The Rev. Cynthia K. R. Banks; Easter 6—Year B; Acts 10:44-48; Psalm 98; I John 5:1-6; John 15:9-17
So last week, this theme of love started to sound, like 29 times in the passage from I John. And we heard things like “There is no fear in love, but perfect love casts out fear.” And in the gospel passage, Jesus was talking to his disciples about what it means to abide. He told them that God was the vinegrower, “husbandman, tiller of the soil” in the greek, and he, Jesus, was the vine and his disciples, they were the branches. Jesus told them that branches can’t live if they aren’t connected to and drawing their life from the vine. Think about it, a branch lying on the ground can’t live—it gets dry and brittle.
Jesus told them, “Abide in me as I abide in you.” I love the word “abide.” It means “to remain, to stay, to continue to be present, to wait and await.” So there’s an aliveness to abiding, a steadfastness, a stability, even if everything is moving and swirling and spinning; there is this deep, deep sense of being anchored, and it is deeply relational. And there is also this sense of expectancy, of waiting, of awaiting the other, of open arms waiting for someone or something to fall into them. And Jesus does this twist—instead of just having this go one way, it goes both ways—he is inviting the disciples to abide in him just as he is already abiding in them. Jesus has already sealed the deal from his side—that happened when he entered our flesh. And he is waiting for us to embrace and claim what it means to abide in the fullness of his being. This is good stuff.
This week, Jesus picks up this theme of abiding and just keeps taking it deeper. This abiding isn’t just about being, but it’s about that thing that got named 29 times last week—it’s all about love. And this love is dynamic and flowing and electric and alive. “As the Father has loved me, so I have loved you; abide in my love.” Okay, stop. The punctuation in that sentence is a semicolon. God has loved Jesus and Jesus knows it and Jesus has loved us; [semicolon] and Jesus wants us to stay in that love.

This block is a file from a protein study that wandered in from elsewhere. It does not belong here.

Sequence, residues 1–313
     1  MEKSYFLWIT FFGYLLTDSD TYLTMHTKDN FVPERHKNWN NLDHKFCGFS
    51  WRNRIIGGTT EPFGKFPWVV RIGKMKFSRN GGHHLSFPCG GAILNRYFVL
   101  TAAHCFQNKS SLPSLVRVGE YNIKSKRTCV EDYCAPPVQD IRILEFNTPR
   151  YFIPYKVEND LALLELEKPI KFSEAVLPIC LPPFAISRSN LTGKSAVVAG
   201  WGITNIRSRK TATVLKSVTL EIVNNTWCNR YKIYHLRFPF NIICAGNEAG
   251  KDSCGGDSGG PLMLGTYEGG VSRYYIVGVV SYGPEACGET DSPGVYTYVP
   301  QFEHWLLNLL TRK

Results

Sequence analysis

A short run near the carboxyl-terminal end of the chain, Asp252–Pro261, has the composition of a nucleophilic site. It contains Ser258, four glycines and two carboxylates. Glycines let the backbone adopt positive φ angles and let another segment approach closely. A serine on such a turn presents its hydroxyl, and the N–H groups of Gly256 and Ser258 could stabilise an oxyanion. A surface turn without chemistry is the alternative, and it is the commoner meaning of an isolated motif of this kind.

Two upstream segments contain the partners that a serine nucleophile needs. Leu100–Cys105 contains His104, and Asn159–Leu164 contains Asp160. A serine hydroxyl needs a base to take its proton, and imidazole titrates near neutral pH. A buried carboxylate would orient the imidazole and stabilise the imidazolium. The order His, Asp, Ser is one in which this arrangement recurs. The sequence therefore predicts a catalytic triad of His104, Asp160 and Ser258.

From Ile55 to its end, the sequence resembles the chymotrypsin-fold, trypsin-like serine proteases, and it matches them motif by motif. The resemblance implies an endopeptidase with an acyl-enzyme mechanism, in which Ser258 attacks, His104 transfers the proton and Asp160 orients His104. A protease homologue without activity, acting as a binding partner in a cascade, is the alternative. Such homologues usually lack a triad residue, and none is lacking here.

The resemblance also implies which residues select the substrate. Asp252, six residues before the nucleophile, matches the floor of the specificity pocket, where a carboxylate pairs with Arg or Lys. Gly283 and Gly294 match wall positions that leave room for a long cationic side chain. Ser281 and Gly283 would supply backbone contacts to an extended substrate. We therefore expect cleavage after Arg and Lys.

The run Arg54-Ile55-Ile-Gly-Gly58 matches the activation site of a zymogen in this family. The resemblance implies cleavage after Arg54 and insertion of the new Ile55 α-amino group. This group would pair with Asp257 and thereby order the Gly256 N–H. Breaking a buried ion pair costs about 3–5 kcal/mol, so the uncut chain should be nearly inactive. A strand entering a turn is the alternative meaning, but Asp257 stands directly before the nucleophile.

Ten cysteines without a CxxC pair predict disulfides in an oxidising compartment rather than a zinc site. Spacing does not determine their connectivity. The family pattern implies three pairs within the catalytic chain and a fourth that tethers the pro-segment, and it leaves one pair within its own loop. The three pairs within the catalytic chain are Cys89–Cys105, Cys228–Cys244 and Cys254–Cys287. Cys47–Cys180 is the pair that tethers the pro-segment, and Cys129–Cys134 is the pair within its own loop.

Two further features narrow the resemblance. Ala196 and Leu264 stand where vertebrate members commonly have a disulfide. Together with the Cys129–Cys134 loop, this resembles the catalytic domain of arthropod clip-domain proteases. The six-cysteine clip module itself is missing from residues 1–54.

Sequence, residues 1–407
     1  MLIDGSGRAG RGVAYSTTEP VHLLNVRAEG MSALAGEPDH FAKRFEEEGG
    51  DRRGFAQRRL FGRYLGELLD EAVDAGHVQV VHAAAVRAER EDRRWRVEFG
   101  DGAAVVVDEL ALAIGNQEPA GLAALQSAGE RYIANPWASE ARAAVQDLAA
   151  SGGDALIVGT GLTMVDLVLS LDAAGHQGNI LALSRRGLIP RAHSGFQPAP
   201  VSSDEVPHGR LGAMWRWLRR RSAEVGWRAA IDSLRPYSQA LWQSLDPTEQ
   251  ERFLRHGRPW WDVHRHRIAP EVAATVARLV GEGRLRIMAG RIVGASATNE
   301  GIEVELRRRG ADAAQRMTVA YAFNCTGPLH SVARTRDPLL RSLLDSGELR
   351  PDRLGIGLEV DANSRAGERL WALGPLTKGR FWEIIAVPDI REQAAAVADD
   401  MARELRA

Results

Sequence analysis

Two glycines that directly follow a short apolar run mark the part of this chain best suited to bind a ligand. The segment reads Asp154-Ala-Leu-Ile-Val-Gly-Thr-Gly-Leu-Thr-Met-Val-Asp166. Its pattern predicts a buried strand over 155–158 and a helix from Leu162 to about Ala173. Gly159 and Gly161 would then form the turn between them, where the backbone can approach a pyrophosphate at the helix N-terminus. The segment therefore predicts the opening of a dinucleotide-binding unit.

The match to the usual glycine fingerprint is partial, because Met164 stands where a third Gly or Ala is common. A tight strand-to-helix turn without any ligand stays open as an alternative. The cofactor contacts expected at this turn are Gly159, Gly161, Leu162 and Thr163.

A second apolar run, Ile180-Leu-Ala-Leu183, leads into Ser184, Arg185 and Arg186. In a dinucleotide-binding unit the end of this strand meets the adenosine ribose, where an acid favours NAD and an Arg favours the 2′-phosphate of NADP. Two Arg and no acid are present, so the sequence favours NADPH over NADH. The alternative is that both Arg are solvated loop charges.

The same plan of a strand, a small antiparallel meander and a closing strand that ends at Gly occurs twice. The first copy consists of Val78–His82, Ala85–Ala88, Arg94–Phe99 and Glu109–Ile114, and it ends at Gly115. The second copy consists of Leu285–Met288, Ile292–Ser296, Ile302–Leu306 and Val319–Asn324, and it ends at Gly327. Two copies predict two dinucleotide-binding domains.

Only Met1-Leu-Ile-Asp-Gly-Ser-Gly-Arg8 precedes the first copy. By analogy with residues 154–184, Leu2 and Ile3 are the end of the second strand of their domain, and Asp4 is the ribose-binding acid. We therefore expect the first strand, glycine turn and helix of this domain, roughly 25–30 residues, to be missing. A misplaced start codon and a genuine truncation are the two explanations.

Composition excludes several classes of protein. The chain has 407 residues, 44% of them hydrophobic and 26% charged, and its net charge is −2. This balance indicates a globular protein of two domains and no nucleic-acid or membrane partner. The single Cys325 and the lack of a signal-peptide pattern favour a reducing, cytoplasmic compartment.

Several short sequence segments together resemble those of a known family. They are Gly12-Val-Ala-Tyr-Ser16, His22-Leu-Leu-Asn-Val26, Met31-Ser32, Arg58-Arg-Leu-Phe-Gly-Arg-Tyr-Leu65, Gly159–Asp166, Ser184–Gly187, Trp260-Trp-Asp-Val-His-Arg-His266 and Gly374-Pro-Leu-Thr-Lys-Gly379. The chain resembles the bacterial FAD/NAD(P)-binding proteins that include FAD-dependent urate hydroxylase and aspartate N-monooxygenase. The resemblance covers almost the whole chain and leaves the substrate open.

Jesus continues, “If you keep my commandments, you will abide in my love, just as I have kept my Father’s commandments and abide in his love.” Uh-oh, that’s starting to sound conditional and like law, and not love; commandments sound like rules and duty and obligation, not love. But Jesus goes on, “I have said these things to you so that my joy may be in you, and that your joy may be complete.” So, this commandment is about something different. If joy is involved, this has to be about something different. And then Jesus tells us that this isn’t really about a ton of laws, rules, duties, and obligations, but it is only about ONE—“This is my commandment, that you love one another as I have loved you.” It is only and ever and always about love. And it’s all one love—God’s love to Jesus, Jesus’ love to us, our love to one another. The love has to flow; if it’s not filling and spilling over and flowing, it’s not love. And that little promise tucked in the middle there—did you catch it? “I have said these things to you so that my joy may be in you, and that your joy, your joy, may be complete.”
That Jesus’ joy may be in us, and that our joy may be complete. Could we just stop and meditate on that for a moment? What is Jesus’ joy? What does his joy look like? What does true, deep, abiding joy look like? When we talked about foreboding joy a few weeks ago, some of you indicated that joy is a hard thing for you too and not something that you can easily rest in. Well, what does joy look like as we see it in Jesus? (pause)
I think it looks like freedom, a sense of comfort in your own skin, the freedom to speak the truth you know, a sense of authority that is ground-truthed deep in your being when your being is rooted and grounded in Being itself, capital “B”, a.k.a. God. I think that joy looks like an absence of fear and anxiety which frees you to meet and stay present to the person right in front of you, whomever they may be. I think it looks like delight and pleasure and laughter and abundance and feasting—enjoying beauty and nature, relishing friendship, sharing in food and drink, maybe even dancing, no, surely dancing. This joy looks like delighting in all sorts and conditions of people. It looks like time and space to rest, taking sabbath, even in the face of profound never-ending need. It’s the freedom to circle back when you blow it without shame. It’s an un-self-consciousness.
Would you want some of that joy???
“It’s yours,” Jesus says, “I’ve said all these things to you so that my joy may be in you, my joy, and that your joy may be complete, whole.” Abiding in Jesus’ being is abiding in his love is abiding in his joy—we can’t pull these apart. We get the whole package.